Salud Pública de México
Print version ISSN 0036-3634
RODRIGUEZ-BOLANOS, Rosibel de los Angeles; MARQUEZ-SERRANO, Margarita and KAGEYAMA-ESCOBAR, María de la Luz. Gender based violence: knowledge and attitudes of health care providers in Nicaragua. Salud pública Méx [online]. 2005, vol.47, n.2, pp.134-144. ISSN 0036-3634. http://dx.doi.org/10.1590/S0036-36342005000200007.
OBJECTIVE: To assess the knowledge and attitudes of health care personnel towards the identification and referral of gender-based violence victims (GBV). Also, to identify barriers to identification and referral of GBV, and to assess the levels of knowledge about Norms and Procedures for Intra-Family Violence Care by the health care personnel of the Nicaraguan's Minister of Health (MINSA, for its initials in Spanish). MATERIAL AND METHODS: A cross-sectional study was conducted among healthcare professionals, including physicians, nurses and nursing technical aides (n=213), in 5 of the 17 Local Systems of Integral Attention (SILAIS) from the Integral Program of Attention for Women, Children and Adolescence (AIMNA) in the primary level of attention in MINSA, from April to June 2003. Attitude was measured with a Likert scale and an awareness index was created for intra-family violence care guidelines. The information was obtained using a self-administered instrument, based on the questionnaire of the study made among the personnel of the Mexican Institute for Social Security (IMSS, for its initials in Spanish), Morelos, Mexico. A logistic regression model was used to evaluate the association between attitude and several factors, as well as with the knowledge of care guidelines. RESULTS: In our population, 76.06% showed an attitude opposing GBV. In the multivariate analysis, the factors associated with opposition to GBV were: medical profession (OR 6.5, 95%CI 2.70-15.82), having a middle (OR 4.3, 95%CI 1.87-10.26) or high level (OR 3.3, 95%CI 1.03-10.75) of knowledge about intra-family violence guidelines and the closeness to relatives or friends who were victims of gender violence (OR 3.2, 95%CI 1.56-6.80). The lack of training on the subject (59.9%), fear of getting involved in legal issues (52.6%), and the concept that violence is a private affair and not a social one (50.7%), constituted the most important barriers to providing medical care. CONCLUSIONS: The health care personnel generally were observed to have high values in regard to an attitude of rejection towards GBV. However, we found barriers that show persisting traditional beliefs, such as considering violence to be a personal issue. Therefore, in order, to ensure a substantial improvement, better training about this subject is needed in medical school curricula with an emphasis on the gender perspective. The finding of the present study will allow improvements in health care reforms at the first level of care in the health sector in Nicaragua.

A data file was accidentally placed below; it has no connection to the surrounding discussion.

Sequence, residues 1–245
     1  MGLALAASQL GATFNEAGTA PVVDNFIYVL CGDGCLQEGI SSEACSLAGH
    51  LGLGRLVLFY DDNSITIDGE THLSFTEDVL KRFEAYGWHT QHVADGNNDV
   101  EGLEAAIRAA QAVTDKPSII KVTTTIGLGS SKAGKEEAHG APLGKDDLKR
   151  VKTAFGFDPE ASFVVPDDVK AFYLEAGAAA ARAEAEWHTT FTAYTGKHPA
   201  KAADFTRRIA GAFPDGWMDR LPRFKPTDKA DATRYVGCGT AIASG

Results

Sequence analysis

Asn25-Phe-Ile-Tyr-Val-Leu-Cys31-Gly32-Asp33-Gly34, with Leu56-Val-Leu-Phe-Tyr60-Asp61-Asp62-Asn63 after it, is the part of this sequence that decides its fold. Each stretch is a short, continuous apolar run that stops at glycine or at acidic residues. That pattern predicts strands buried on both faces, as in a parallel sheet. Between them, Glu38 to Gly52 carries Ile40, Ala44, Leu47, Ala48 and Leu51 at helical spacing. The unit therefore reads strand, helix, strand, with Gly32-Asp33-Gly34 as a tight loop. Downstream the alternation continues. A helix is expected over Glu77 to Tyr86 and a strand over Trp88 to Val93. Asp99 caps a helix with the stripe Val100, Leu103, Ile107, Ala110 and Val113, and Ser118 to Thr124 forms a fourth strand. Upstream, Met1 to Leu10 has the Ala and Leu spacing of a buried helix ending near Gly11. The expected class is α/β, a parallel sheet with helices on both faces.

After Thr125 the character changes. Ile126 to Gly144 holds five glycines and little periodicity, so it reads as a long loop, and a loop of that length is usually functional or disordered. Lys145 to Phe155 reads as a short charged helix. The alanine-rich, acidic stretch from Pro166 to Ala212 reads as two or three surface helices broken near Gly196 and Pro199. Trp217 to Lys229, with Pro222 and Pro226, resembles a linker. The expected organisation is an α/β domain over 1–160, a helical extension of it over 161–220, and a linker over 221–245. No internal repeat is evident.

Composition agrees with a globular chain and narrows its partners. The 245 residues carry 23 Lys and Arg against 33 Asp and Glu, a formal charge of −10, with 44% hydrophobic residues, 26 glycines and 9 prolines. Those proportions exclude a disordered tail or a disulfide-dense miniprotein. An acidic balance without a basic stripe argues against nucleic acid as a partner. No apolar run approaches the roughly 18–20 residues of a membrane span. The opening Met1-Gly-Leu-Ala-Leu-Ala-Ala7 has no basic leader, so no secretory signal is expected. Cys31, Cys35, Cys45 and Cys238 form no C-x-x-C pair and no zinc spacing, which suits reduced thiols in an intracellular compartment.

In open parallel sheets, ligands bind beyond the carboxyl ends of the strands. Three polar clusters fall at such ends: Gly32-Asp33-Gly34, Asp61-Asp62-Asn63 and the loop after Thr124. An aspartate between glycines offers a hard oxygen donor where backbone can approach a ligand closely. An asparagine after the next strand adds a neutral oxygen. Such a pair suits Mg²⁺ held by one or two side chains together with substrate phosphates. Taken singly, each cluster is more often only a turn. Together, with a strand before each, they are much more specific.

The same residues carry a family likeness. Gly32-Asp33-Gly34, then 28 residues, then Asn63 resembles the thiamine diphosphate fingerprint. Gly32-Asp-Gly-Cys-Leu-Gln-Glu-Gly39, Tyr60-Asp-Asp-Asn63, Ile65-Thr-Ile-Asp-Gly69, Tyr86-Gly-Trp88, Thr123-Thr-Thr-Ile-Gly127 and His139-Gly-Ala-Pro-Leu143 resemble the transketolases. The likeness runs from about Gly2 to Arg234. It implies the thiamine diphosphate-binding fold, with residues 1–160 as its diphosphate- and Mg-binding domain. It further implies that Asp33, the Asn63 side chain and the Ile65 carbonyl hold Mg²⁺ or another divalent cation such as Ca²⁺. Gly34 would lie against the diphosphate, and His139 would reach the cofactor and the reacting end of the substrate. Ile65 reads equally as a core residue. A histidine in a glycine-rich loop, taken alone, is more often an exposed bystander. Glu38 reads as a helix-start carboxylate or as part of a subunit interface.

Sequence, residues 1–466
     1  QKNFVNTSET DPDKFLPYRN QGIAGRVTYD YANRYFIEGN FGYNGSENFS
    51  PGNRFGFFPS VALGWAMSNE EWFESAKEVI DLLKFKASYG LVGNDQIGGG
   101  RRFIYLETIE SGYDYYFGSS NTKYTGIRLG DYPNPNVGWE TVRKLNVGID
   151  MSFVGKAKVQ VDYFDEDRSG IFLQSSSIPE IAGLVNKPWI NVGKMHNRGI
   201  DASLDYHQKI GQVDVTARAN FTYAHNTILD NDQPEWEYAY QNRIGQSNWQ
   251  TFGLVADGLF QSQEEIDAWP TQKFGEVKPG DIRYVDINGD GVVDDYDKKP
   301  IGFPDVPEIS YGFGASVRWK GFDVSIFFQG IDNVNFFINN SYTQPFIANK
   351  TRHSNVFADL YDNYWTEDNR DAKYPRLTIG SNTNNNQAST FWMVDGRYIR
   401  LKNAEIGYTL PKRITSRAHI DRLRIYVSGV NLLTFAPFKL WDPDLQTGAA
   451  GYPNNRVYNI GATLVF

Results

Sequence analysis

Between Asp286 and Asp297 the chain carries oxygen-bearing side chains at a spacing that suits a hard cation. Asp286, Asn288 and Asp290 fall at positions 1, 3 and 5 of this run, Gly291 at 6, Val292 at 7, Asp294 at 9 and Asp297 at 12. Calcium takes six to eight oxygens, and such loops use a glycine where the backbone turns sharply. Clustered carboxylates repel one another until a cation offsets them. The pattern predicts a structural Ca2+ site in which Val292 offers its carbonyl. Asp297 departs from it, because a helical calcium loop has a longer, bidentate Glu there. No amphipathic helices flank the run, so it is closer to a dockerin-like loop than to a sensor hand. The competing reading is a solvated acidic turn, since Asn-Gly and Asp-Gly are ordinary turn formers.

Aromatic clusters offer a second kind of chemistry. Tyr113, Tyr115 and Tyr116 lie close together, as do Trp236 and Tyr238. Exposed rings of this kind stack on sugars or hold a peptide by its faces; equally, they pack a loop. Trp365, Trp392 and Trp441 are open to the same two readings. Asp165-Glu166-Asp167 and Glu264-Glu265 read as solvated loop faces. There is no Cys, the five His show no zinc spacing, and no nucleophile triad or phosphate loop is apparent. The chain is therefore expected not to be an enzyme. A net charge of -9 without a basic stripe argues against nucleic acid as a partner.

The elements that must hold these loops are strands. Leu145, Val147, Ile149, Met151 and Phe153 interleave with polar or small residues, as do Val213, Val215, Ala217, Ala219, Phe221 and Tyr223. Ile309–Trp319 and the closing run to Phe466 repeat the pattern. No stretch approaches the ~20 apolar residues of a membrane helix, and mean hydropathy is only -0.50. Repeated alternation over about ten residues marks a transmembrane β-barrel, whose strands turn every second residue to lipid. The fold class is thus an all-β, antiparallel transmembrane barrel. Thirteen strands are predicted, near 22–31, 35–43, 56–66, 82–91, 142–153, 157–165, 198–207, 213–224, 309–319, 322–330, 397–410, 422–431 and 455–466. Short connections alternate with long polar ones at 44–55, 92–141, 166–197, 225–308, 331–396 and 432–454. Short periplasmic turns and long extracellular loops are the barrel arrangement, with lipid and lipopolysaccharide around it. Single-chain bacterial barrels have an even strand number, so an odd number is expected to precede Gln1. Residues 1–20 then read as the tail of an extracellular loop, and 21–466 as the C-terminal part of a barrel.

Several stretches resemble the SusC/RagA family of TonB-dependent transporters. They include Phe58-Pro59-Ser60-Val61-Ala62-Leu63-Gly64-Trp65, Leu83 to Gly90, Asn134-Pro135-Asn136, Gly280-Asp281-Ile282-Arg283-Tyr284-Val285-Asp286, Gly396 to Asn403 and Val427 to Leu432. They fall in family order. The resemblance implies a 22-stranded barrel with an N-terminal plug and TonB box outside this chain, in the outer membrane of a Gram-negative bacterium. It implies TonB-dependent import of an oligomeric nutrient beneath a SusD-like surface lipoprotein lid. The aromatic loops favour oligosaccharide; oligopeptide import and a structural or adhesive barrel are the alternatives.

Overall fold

Keywords : gender based violence; health care personnel; domestic violence; attitude; awareness; Nicaragua.